Bellevue’s Transportation Facilities Plan, or TFP, is a budget document that outlines the city’s priorities for transportation investments over a 12-year period. In order for an infrastructure project to be given funding when the city decides on the biennial budget and the 7-year Capital Improvement Plan (CIP), the project must be listed in the TFP. That makes the TFP really important by setting the stage for the projects that can then go on to receive funding – and you can have an impact to support more projects towards walking, biking, and transit! Here’s how:

The city is providing two ways for interested parties to provide feedback through the Engaging Bellevue website. First, people can fill out a brief questionnaire by scrolling down on the linked page and clicking on “Take our Survey.”

The quick five-question survey will ask you if you live or work in Bellevue (& if so where) and how you usually get around the city. A robust response from people who regularly walk, cycle, or take transit in the city will remind staff of the importance of investing in truly multimodal infrastructure. And if you want to have even more of an impact, there’s another step you can take to provide more detailed feedback about the exact projects under review. The city has created an interactive map tool to view more details on specific projects & provide comments.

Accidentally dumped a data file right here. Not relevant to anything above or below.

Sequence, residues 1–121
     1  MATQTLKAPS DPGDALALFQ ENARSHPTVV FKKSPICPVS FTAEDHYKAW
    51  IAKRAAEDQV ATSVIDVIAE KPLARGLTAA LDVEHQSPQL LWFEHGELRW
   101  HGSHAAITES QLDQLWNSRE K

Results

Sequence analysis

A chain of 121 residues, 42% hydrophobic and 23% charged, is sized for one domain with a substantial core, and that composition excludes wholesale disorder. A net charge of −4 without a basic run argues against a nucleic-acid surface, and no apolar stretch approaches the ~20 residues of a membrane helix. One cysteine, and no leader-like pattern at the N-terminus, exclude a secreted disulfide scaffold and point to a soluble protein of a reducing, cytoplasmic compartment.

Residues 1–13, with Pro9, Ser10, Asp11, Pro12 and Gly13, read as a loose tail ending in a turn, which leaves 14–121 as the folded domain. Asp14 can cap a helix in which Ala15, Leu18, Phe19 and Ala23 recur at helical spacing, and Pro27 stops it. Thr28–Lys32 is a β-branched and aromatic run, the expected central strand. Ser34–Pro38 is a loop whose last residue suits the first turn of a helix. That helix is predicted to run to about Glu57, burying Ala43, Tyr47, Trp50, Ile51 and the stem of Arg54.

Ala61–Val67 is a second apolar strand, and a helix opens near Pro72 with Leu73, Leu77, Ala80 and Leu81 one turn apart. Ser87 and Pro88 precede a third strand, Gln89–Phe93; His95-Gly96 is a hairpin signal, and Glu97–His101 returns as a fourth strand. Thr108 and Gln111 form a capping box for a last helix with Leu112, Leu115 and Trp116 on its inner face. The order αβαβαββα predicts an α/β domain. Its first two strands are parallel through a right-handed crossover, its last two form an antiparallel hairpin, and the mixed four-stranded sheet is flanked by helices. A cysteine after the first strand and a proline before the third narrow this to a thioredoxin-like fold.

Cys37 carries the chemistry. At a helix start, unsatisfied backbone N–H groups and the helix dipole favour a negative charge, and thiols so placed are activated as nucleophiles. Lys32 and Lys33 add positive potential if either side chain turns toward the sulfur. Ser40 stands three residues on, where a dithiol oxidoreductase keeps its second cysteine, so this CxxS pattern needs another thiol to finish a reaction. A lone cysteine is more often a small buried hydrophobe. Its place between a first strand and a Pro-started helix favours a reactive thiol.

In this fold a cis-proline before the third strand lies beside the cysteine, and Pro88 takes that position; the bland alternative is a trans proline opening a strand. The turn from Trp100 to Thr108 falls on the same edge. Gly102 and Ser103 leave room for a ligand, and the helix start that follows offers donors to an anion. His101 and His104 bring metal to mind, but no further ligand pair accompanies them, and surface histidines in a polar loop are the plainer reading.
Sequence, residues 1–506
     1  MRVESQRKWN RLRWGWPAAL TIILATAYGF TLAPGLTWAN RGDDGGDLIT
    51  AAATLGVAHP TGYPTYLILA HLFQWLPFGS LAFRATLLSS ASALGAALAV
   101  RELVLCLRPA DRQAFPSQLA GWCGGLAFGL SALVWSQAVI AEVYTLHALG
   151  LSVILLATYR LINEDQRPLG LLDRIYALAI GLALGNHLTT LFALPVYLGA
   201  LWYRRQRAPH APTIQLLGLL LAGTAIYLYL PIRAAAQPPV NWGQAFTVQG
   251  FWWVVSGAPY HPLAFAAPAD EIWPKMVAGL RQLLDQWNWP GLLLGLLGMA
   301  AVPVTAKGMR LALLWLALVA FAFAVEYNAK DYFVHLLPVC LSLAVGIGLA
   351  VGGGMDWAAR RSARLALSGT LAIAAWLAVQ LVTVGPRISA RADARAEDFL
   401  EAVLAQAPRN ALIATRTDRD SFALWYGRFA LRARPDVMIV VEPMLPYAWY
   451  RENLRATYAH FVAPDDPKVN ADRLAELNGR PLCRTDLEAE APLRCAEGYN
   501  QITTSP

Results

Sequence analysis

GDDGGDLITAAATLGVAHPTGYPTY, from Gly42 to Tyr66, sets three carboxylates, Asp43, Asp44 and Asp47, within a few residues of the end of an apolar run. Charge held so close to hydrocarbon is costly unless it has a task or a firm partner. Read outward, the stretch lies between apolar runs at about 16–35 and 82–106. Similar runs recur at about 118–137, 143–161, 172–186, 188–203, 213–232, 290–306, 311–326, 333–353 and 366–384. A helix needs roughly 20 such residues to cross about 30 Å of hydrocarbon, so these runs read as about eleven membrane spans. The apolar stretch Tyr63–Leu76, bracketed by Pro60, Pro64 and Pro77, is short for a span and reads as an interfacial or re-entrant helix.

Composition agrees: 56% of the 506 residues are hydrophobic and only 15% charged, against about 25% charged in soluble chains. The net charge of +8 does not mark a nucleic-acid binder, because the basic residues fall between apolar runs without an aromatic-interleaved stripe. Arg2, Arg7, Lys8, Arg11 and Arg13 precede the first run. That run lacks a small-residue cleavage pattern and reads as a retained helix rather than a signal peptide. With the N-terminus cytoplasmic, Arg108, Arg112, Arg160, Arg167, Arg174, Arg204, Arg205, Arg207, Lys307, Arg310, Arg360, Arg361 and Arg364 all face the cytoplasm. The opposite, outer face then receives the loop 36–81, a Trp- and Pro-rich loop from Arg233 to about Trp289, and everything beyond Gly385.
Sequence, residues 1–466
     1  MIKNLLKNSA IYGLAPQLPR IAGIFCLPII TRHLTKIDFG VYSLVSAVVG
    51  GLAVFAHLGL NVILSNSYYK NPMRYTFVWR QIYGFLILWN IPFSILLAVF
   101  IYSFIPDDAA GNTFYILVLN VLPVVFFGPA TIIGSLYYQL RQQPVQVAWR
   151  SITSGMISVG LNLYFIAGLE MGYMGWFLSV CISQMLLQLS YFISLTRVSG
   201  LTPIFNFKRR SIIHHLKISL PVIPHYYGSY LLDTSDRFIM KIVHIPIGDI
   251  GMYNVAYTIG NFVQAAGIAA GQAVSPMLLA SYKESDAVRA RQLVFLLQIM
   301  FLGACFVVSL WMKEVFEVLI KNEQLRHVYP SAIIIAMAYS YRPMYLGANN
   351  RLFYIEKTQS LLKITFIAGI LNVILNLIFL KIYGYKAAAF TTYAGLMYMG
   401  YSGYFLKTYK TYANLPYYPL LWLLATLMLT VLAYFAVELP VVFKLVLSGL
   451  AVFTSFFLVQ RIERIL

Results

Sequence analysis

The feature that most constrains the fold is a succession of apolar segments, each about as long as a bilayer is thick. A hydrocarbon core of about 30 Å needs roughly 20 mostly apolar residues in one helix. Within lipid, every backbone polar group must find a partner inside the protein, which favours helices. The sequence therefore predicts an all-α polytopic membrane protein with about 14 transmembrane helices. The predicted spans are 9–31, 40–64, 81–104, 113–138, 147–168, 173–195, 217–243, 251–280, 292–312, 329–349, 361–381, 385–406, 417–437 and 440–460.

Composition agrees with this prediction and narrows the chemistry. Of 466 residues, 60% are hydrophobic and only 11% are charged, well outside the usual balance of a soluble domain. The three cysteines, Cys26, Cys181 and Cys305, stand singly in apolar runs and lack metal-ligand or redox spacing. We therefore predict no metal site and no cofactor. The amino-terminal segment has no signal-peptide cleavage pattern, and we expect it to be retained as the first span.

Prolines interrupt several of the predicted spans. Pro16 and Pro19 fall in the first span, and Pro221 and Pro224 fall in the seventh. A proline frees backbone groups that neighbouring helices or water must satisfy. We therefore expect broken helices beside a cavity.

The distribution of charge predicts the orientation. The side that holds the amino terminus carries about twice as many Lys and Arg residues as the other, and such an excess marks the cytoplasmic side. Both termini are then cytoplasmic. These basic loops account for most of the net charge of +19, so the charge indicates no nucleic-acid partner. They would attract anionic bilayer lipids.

This map may seem confusing at first, but the legend on the right-hand side of the page provides some clarification. What you’re seeing on this page are the slew of pedestrian, bicycle, transit, and roadway projects that have either already been funded (and are therefore less important to provide comment on) and those that are under consideration in this new TFP. To comment on a project, click on its icon on the map and select “Comment on Project”. This will direct you to a Google Form where you can leave feedback.

It is most important to provide positive feedback on the pedestrian, bicycle, and transit candidate projects (including the three Other Candidate Bicycle Project regions). Note that the transit corridor projects correspond to current King County Metro routes — therefore, if you have experiences riding buses on the Eastside and want to see corridor improvements that can help you get around more quickly and comfortably, you might want to provide comments on the following projects, which are in-line with the corresponding routes:

CTP-1 RapidRide B Line
CTP-2 Route 271
CTP-3 Route 241
CTP-4 Route 221 (Crossroads to Overlake)
CTP-5 Route 221 (Crossroads to Eastgate)
CTP-6 Route 245 (Eastgate to Factoria)
CTP-7 Route 245 (Eastgate to Overlake)

If you click on an area with multiple projects, you can use the right arrow to scroll between them, marked below.

Every time you submit a comment form, your feedback is saved, so you can just exit the page when you’re done. I understand this may seem like a lot, but deciding on these projects is really where a lot of the meat of transportation planning happens. I want to personally thank you for taking the time to make Bellevue a safer & more multimodal city! If you have any questions, reach out to me at crandels@cs-bellevue.org.

— Chris

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